Is Internet Broadcasting Organization covered under Section 31D of Copyright Act?

November 12, 2019
Online Platforms Dominating

By Lucy Rana and Meril Mathew Joy

With online platforms dominating the content circulation around the world, the ambit of protection granted to such platforms becomes an essential issue. The most controversial issue with respect to provision of Statutory Licensing is whether the term “Any broadcasting organisation” under Section 31D of the Copyright Act 1957 includes “internet broadcasting organization”. The controversy of inclusion of “internet broadcasting organization” had taken various courses, with arguments for and against, being continuously put forth for final decision.

The course took a turn with the Department of Industrial Policy & Promotion, Ministry of Commerce and Industry (Government of India) issuing an Office Memorandum dated September 05, 2016 stating that “words ‘any broadcasting organization desirous of communicating to the public..’ may not be restrictively interpreted to be covering only radio and TV broadcasting as definition of ‘broadcast’ read with ‘communication to the public’ appears to be including all kind of broadcast including internet broadcasting. Thus, the provisions of Section 31D are not restricted to radio and television broadcasting organizations only, but cover internet broadcasting organizations also.”[1] The memorandum has been a subject of debate amongst scholars and IP professionals, on the ground of its reasoning and also on the constitutionality of the memorandum. However, as on this day, we have an answer to the above issue which was addressed by Hon’ble Bombay High Court in the landmark judgment of Tips Industries Ltd. vs. Wynk Music Ltd. & Anr.[2], confirming that the term “Any broadcasting organisation” does not include “internet broadcasting organization” under Section 31D of the Copyright Act 1957; and that the Office Memorandum issued lacked ‘statutory flavour’ and therefore had no bearing on the issue.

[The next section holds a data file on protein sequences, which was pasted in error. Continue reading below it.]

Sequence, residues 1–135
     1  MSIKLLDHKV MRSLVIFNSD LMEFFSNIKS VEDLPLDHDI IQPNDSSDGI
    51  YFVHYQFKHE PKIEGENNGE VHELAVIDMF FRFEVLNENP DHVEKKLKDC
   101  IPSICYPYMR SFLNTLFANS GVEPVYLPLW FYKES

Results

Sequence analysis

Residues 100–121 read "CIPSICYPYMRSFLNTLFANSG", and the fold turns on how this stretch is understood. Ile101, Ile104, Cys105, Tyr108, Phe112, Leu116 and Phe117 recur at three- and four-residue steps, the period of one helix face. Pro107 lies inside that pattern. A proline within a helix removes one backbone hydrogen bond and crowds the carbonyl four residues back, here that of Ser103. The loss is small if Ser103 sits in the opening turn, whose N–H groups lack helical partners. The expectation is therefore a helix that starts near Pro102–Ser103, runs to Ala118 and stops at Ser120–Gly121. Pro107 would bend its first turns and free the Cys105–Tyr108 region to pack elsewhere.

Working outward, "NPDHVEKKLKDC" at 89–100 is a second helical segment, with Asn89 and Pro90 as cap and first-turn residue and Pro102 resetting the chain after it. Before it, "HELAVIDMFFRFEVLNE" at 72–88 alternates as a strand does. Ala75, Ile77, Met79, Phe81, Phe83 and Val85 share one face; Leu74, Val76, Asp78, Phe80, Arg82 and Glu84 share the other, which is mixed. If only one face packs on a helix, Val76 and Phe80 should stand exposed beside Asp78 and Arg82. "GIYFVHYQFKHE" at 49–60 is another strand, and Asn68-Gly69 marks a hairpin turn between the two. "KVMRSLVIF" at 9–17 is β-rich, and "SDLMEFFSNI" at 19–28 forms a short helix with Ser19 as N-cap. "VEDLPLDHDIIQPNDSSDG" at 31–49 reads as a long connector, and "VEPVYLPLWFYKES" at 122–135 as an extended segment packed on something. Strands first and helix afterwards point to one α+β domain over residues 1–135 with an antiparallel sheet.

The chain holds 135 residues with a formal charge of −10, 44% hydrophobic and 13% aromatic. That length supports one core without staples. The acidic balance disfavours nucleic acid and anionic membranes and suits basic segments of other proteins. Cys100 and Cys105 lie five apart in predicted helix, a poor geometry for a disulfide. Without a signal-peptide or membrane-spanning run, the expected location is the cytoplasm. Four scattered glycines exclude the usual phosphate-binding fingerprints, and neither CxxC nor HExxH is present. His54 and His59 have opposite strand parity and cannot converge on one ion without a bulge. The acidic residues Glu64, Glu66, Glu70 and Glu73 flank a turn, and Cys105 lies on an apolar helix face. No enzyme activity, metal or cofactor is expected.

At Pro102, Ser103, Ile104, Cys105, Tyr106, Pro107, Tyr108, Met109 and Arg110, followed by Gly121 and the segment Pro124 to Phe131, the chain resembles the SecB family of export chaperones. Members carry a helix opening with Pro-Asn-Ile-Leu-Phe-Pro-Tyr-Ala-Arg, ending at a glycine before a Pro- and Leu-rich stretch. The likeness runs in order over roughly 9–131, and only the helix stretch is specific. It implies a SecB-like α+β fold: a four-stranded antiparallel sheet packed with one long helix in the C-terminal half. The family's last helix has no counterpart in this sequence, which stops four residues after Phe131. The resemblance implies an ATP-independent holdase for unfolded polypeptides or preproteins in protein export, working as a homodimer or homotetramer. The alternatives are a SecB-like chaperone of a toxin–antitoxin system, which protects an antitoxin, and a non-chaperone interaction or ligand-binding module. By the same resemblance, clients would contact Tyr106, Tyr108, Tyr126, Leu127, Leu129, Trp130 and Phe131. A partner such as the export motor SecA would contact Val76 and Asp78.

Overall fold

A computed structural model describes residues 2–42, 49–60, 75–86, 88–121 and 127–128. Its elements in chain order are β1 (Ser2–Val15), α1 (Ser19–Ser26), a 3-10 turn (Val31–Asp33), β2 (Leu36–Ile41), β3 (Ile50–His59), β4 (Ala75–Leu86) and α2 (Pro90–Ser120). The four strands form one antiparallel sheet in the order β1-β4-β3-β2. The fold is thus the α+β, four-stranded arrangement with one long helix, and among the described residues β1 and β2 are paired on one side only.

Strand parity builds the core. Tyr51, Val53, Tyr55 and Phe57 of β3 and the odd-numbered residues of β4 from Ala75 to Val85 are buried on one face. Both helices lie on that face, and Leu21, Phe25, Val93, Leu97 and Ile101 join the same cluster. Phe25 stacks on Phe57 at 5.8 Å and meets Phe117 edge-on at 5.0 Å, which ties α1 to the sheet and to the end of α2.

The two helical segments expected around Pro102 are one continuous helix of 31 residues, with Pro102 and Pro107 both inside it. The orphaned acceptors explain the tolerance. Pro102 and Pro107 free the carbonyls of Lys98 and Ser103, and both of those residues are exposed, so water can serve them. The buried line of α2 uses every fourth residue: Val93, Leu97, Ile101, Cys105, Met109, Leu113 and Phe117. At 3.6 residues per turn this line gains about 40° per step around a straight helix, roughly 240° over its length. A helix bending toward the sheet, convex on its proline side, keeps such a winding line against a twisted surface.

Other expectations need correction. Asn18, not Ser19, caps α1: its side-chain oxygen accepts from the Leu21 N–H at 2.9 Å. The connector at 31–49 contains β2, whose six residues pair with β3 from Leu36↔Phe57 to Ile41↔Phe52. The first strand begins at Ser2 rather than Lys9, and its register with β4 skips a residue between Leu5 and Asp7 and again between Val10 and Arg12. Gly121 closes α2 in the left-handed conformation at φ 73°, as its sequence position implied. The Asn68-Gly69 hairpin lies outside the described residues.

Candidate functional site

Even though, answers by the Hon’ble Bombay High Court have gone on record, however, the reasoning of Hon’ble High Court is yet to be confirmed.


In order to come to an understanding as to the legislative intent of the Section 31D the following updates need to be reviewed.

  • The 227th Report of the Rajya Sabha Parliamentary Standing Committee on the Copyright (Amendment) Bill, 2010, while defining the Clause 2: Definition of the term “Communication to the Public” as “making any work available for being seen or heard or otherwise enjoyed by the public directly or by any means of display or diffusion other than by issuing copies of such work regardless of whether any member of the public actually sees, hears or otherwise enjoys the work so made available.”; here attention was drawn to few adverse impact on music industry and radio operators, wherein one of the impact was read as “no rationale in exclusion of only physical copies from the purview of ‘communication to the public’ in an age where commercialization and sale of music is taking place extensively through the medium of internet and transfer of files through computers/blue tooth;[3]. To this the parliamentary committee noted that the reservations of the stakeholders are unfounded. Issuing physical copies or legitimate digital downloading music or video recording by payment cannot be considered a communication to the public. Further, while discussing the provision of Statutory License, the committee focused on FM operators only.
  • Lok Sabha records of Fifteenth Series[4], wherein the Hon’ble Minister while discussing the amendment to copyright, confined his argument to FM and Television only. While discussing the provision of Statutory Licensing, the following recommendation was made “There was a demand that broadcasters together should be subjected to a statutory licence. In other words, there will be no negotiation. The Copyright Board, as a matter of law, under the statute will actually decide on the quantum of money that will be required to be paid by the TV companies to the music companies who have bought over those rights. Therefore, there was some debate as to whether it should be limited only to radio, and TV should be kept out of it. But ultimately, we decided that TV should be included in it. So, broadcasters, in general, are now subjected to statutory rights. Therefore, the Copyright Board will alone have the jurisdiction to decide the quantum of money that will have to be paid by broadcasters to owners of music which of course, in turn, will include both the producers and the authors in different forms and they will share the profit. That is reflected in section 31 (b) of the amendment.[5] Further, while addressing digital environment, the main focus was shifted to Performers right, which was included vide the Copyright (Amendment) Act, 2012.